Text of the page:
We don’t always know our calling, says Jimmie Lopez, director of human resources for Four Seasons Hotel San Francisco. After many years in the industry, he admits his start was somewhat accidental.
When Lopez was nineteen, he and his mother moved to San Diego to live closer to her parents. Their former house had been foreclosed on, and Lopez needed a job. He applied to a temporary employment agency and found himself working as an administrator for a startup company. Showing up the first day of work in clothes that he had bought the day before, Lopez admits he might not have had all the skills, but his enthusiasm and dedication impressed the company.
“They sent me home with food every day so that my mom and I didn’t go hungry,” Lopez recalls. “A few weeks later, I was hired full-time and I eventually spent five years with them.”
From his first days at the company, Lopez took his role to heart. By paying attention to the inner workings of the company, he learned quickly what it takes to start a company from scratch.
“I had this amazing exposure to what it’s like to be a jack-of-all-trades,” Lopez says. The self-starter used the opportunity to “absorb every piece of information that I could. I was basically scanning what I could into my mind.”
He credits his ability to learn on the job to the company’s culture that included recent college graduates as well as long-time employees at tenured functions. After five years, he joined a luxury apartment company in Southern California, where he got his first taste of working with a “higher-end product.”
Using those skills, he eventually relocated to San Francisco, working for a luxury property company where he was inside an office cubicle for most of the day. Realizing that the corporate environment wasn’t for him, he looked for a new position where he could interact with people every day, eventually landing at a hotel.
Now, as the director of human resources at Four Seasons, every day is different for Lopez. From working on focus groups that support women in leadership initiatives to talking with labor representatives from local unions, Lopez values the one-on-one connections he has with his colleagues.
When it comes to giving clients the best possible experience, Lopez simply supports the concierge team. Over the years, they have successfully fielded some impressive demands. The most impressive was when guests asked for a helicopter to take them to dinner in the Bay Area.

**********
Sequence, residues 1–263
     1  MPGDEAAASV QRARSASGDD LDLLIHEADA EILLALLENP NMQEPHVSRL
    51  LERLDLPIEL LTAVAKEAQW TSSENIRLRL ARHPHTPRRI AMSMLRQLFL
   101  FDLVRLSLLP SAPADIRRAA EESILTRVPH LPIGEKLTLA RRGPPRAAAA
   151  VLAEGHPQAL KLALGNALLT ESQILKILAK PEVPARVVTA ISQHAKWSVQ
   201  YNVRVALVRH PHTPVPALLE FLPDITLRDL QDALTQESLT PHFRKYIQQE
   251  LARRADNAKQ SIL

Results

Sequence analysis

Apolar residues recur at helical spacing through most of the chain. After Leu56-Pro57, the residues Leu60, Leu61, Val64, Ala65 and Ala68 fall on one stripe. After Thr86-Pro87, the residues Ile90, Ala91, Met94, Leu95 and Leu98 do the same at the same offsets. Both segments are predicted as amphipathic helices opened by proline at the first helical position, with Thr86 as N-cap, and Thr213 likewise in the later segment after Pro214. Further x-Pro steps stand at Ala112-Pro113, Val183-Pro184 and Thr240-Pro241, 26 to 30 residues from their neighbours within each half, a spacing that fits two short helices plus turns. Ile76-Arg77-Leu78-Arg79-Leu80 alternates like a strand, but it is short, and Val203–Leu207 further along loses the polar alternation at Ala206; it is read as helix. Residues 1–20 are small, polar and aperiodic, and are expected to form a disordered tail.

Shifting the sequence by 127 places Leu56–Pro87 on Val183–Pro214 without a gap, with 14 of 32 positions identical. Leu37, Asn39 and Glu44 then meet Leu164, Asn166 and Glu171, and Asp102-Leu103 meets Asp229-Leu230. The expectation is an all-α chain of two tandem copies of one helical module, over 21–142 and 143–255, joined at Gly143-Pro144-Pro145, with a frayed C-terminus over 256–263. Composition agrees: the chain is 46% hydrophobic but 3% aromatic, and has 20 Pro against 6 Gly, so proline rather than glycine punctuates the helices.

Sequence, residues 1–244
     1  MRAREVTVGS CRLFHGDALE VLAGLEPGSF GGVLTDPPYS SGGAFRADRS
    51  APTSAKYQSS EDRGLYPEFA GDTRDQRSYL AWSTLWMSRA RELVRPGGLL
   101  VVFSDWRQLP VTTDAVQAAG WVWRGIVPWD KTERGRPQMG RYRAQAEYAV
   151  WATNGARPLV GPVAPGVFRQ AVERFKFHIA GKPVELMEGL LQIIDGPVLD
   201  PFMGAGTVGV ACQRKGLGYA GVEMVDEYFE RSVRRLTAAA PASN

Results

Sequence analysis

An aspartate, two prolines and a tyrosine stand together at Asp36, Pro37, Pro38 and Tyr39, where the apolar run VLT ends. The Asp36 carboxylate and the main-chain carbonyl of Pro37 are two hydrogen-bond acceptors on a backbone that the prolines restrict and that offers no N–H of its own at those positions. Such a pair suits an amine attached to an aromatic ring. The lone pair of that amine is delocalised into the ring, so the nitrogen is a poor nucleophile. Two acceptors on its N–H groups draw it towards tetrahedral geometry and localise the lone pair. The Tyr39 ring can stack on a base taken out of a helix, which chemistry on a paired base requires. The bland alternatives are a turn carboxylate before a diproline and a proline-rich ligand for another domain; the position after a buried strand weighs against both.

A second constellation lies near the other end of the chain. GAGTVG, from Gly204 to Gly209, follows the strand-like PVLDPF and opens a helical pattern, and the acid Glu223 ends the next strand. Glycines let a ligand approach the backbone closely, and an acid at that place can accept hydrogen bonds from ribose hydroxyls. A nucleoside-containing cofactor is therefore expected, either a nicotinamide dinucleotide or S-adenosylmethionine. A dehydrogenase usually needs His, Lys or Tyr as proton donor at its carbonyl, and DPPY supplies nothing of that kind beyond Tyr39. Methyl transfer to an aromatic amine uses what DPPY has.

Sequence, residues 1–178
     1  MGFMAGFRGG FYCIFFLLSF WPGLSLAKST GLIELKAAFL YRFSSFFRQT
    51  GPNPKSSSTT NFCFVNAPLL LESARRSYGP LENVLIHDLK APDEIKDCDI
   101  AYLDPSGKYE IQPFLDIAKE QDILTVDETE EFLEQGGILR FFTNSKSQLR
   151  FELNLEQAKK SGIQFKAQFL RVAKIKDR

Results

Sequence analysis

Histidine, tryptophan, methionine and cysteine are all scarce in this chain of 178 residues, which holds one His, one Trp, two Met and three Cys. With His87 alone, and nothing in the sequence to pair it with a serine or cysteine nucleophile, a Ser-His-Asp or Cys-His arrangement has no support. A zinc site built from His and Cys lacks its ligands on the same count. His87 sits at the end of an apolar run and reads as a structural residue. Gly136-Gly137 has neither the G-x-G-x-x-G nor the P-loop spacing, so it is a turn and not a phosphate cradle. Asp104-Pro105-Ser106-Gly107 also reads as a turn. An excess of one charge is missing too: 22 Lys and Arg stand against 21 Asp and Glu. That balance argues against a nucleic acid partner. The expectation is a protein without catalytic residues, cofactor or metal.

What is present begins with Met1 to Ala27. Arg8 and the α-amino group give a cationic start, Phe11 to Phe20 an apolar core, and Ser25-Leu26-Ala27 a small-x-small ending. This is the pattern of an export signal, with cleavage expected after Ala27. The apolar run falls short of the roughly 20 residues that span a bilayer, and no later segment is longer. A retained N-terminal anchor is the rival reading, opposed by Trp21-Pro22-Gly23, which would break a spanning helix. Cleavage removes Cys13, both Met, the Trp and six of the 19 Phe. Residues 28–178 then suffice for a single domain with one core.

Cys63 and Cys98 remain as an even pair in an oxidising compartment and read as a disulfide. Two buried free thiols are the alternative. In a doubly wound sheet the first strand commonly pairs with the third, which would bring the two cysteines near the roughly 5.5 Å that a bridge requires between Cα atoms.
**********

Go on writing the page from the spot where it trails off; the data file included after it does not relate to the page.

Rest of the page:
“That was a ‘wow’ moment for me, when our concierge team was able to pull it off,” Lopez admits.
“I need my team to be able to stay in the moment and think on their feet.”
Lopez enjoys a few perks as a Four Seasons employee, including earning complimentary nights at other properties. “I’ve been able to explore some parts of the world and stay at resorts that I probably wouldn’t be able to stay at otherwise if I wasn’t part of the organization,” says Lopez, who calls it his favorite benefit.
The hotel often hosts VIP groups like major league sports teams or Fortune 100 business groups. What sets it apart is personal service, like remembering a frequent guest’s favorite drink and having it on-hand when the guest arrives. At the same time, the hotel takes measures to remain team-agnostic when the city is hosting events like the World Series or the Super Bowl.
“You have all these different teams in the city and your guests will be rooting for different teams, so you fly a variety of flags to make sure everyone is represented,” Lopez says.
Because the labor market in San Francisco is competitive, Lopez spends a lot of his time recruiting new talent and making sure he has a full roster of potential employees. The hotel boasts 400 regular employees, with 300-400 part-time workers on call for events like banquets—meaning Lopez is responsible for staffing a large labor force.
“Sometimes you have to go a little outside what you would normally do to recruit,” Lopez admits. “Unemployment is low, so it is tough for employers to find the talent that they are looking for right now.”
When recruiting, Lopez looks for people with a “passion for service.” A key aspect of the Four Seasons brand is treating every guest—no matter how big or small—like a celebrity.
“While there might be minor things that might be different from a guest to a celebrity, like taking privacy measures, the service is going to be very similar if not the same,” Lopez says. “We think of every guest as high-profile.”
To recruit the right kind of talent, Lopez places a lot of importance on the interview process.
“I need my team to be able to stay in the moment and can think on their feet,” Lopez says. He looks for people with candid replies because it shows that they can, “take any question and apply their experience and say what they really believe.”
Top Attractions Within Walking Distance of Four Seasons San Francisco
Maiden Lane: 4-minute walk
San Francisco Museum of Modern Art: 5-minute walk
Yerba Buena Gardens: 6-minute walk
Union Square: 7-minute walk
Old St. Mary’s Cathedral: 11-minute walk
Portsmouth Square: 14-minute walk